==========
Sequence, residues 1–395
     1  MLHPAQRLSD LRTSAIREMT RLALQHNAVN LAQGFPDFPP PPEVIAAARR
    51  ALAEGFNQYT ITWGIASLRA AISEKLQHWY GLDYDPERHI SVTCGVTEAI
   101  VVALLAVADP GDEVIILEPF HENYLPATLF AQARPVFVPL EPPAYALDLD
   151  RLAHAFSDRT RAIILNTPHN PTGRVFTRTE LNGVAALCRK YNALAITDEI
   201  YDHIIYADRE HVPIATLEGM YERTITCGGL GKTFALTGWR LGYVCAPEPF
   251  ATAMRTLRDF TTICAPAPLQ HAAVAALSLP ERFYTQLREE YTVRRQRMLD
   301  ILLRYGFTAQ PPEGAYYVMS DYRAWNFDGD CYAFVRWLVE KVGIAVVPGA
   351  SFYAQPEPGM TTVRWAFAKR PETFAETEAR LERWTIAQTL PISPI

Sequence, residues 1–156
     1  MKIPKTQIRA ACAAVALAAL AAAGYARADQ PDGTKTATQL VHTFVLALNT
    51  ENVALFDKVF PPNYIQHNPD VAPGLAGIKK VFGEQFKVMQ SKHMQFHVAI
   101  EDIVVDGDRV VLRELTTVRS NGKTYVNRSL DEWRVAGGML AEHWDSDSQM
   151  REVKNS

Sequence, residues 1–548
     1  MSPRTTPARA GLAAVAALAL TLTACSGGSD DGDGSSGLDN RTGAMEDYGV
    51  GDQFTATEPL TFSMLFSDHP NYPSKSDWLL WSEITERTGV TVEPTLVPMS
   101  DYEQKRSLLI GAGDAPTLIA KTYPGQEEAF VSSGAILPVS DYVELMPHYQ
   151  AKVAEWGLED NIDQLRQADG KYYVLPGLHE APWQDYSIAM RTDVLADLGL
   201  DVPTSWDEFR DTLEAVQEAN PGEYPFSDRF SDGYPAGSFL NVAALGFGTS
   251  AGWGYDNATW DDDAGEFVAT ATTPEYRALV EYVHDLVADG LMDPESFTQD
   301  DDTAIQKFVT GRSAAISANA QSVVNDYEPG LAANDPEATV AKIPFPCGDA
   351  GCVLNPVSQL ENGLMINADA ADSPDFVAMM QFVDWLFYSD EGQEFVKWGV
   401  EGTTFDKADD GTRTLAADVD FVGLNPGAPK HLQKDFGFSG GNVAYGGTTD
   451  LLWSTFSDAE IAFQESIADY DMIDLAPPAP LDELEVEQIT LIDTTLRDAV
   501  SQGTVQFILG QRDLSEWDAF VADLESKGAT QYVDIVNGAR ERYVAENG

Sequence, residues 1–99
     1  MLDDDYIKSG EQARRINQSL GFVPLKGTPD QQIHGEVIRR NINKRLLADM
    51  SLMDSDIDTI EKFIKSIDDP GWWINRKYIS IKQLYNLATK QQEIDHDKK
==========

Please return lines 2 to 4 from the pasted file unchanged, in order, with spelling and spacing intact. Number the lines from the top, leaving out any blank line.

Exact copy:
     1  MLHPAQRLSD LRTSAIREMT RLALQHNAVN LAQGFPDFPP PPEVIAAARR
    51  ALAEGFNQYT ITWGIASLRA AISEKLQHWY GLDYDPERHI SVTCGVTEAI
   101  VVALLAVADP GDEVIILEPF HENYLPATLF AQARPVFVPL EPPAYALDLD